What happens when they disappear over the horizon? What happens after the “The End” placard covers the screen? Does the hero take time off before finding another adventure? Does he die of wounds suffered during the movie? Does he live happily ever after in some frontier town?

All of those questions go through my mind because I have to know the rest of the story. It doesn’t matter how bad the movie is. I still want to know what happens after the credits roll. However, something else goes through my mind, as well. The “into the sunset” scene isn’t always the same.

One of the greatest “into the sunset” scenes doesn’t even have a horse. In The Searchers, Ethan Edwards spends years attempting to rescue his niece from her Comanche captors. When he returns with her, everyone goes into the house except for him. He turns and walks into the desert as the door closes behind him.The Searchers

Where did Edwards go? Did he leave because most of his family was dead? Did he wander because there was no purpose in his life? All of the wars were over. Or, did he think back over the past years before turning around and coming back?

John Wayne walked away in The Searchers, but Clint Eastwood could be the king of “into the sunset” rides. In The Outlaw Josey Wales, he is bleeding as he rides away. Does he live? If so, then does he go back to the friends that he has gained throughout the movie? Or, does he disappear from history?

Sometimes, he completely disappears because we really don’t know what he is. In Pale Rider, Eastwood evaporates from the scene. Is he some kind of spirit or is he just a mysterious gunman?

Those were great, but my favorite Eastwood ending comes from The Good, the Bad and the Ugly. Blondie leaves Tuco with a noose around his neck and gold at his feet. After an impossible rifle shot to save Tuco, Blondie rides away to one of the greatest movie scores of all time.

A more recent western has an “into the sunset” scene at the end. The difference is the adventure that precedes it. In Cowboys and Aliens, James Bond defeats aliens with the help of Indiana Jones. Oh, Boyd Crowder helps out, too. This time the hero is truly a loner. His wife is dead. His alien love interest is dead. He is considered dead. Heck, the dog doesn’t even go with him. In this one, the hero probably went somewhere and cried.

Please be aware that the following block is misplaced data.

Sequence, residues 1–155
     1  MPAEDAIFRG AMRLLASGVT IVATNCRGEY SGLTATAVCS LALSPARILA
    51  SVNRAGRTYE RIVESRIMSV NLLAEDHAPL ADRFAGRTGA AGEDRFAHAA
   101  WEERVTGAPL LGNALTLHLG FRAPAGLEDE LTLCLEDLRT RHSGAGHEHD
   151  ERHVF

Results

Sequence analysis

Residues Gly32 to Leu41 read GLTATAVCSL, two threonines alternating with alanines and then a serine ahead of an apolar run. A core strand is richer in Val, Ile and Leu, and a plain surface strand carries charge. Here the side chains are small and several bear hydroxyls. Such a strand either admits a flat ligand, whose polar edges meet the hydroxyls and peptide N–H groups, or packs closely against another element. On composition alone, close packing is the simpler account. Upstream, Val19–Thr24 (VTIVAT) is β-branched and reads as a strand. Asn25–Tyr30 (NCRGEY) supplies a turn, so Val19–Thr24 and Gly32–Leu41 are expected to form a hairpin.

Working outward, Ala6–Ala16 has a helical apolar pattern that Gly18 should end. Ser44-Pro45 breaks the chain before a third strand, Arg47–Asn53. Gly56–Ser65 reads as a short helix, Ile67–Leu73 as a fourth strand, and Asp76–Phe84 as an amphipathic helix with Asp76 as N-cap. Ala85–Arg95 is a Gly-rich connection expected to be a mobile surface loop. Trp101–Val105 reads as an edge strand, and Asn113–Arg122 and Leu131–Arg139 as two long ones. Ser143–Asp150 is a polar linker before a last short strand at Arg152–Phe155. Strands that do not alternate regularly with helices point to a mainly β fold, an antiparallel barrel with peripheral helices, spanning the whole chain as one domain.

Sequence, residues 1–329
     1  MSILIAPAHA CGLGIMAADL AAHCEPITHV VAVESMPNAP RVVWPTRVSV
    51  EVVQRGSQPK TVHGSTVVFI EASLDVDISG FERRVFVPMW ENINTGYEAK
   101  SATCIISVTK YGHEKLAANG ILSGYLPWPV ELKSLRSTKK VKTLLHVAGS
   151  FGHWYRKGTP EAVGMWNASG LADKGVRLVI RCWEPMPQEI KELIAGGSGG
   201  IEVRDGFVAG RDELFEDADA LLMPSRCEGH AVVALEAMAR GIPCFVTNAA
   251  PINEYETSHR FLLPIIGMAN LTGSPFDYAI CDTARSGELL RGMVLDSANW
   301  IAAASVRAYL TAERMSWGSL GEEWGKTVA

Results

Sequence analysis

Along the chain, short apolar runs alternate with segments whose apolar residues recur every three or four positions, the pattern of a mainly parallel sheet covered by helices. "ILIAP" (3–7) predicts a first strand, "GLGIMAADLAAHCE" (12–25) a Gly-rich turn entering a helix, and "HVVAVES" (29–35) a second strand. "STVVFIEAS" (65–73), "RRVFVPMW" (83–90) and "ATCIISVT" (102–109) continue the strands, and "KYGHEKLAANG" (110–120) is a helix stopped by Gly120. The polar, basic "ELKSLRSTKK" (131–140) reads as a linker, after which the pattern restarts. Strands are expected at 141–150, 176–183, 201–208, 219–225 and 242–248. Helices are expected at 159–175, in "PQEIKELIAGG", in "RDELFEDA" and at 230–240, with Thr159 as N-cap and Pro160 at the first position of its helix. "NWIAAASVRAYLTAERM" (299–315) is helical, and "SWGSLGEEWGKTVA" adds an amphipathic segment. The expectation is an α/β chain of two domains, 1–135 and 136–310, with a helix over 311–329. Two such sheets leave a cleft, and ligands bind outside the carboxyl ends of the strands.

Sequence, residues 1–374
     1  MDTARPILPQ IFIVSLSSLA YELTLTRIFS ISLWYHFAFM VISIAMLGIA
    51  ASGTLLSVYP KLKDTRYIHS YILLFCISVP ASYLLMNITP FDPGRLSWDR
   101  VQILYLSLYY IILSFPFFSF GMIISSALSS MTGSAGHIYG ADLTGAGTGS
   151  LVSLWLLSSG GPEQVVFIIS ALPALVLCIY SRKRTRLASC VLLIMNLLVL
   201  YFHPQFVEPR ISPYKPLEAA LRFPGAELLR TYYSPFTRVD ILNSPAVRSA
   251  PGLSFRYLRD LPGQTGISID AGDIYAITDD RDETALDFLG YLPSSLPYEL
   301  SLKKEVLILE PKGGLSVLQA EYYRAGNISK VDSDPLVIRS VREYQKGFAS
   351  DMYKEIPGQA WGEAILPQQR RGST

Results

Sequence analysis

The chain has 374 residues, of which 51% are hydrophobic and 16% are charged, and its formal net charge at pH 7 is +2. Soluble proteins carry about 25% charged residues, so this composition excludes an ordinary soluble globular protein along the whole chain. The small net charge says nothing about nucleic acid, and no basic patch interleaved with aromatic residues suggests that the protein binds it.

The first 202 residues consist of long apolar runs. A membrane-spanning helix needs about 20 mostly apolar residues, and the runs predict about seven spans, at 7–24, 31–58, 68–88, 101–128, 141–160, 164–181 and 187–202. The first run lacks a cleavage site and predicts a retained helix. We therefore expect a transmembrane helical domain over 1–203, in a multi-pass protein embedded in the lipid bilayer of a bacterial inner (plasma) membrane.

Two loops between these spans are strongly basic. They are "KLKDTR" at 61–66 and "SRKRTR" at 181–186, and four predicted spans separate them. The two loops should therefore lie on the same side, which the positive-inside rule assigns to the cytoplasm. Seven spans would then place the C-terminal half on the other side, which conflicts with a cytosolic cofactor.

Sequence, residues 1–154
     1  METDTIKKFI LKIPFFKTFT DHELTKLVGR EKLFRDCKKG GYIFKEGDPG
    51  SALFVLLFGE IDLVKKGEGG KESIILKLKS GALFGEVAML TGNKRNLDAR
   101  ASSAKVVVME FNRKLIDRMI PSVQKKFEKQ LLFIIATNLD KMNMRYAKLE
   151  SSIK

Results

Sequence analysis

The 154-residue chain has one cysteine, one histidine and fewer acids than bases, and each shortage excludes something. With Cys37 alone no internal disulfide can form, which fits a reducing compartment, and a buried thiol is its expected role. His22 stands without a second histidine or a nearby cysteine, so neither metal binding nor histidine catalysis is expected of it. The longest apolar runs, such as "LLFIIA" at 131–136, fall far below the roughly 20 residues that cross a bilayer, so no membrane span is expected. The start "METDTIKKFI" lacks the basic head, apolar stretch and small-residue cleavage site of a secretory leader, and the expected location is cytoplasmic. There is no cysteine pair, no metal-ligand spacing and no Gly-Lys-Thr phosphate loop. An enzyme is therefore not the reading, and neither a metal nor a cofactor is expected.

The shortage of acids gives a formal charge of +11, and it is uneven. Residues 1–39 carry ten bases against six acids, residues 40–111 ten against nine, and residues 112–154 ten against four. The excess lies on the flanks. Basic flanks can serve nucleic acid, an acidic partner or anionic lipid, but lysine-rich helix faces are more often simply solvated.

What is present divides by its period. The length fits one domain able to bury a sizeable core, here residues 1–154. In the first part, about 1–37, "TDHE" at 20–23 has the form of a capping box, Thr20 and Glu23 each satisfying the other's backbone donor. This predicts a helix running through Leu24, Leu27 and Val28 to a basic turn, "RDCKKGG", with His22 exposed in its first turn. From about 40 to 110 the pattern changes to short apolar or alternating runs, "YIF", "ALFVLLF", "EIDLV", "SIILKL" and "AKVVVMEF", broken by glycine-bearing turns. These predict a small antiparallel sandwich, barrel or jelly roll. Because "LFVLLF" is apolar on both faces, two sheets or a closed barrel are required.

The cool thing about “into the sunset” scenes is that they are no longer reserved for westerns only. Remember what happened at the end of The Dark Knight? He agrees to be the fall guy and live life as a villain. Then, he hops on his jacked out motorcycle and rides into a tunnel. There is no sunset, but there is a cool speech and some kind of light up ahead. I hope it’s not a train.The Dark Knight

Everybody knows what happened to him after that because we have sequels now. There should not have been a sequel to this one. Wondering what happened to Batman was a lot better than knowing that he faked his death and ended up with Catwoman.

Ok, so John Wayne, Clint Eastwood, James Bond and Batman all have had great scenes to end movies. However my favorite “into the sunset” scene comes from a movie that isn’t very good. At the end of Harley Davidson and the Marlboro Man, Don Johnson, as Marlboro, goes back to his roots and enters a rodeo. At the same time, Mickey Rourke, as Harley, rides his motorcycle into the sunset with an 80s vixen on the back and Black Eyed Susan playing in the background.Harley Ending

Why is that my favorite? Because it’s the only one that seems like a happy ending. He’s not alone. He’s not wounded. And, there is no doubt that something good is going to happen further down the road.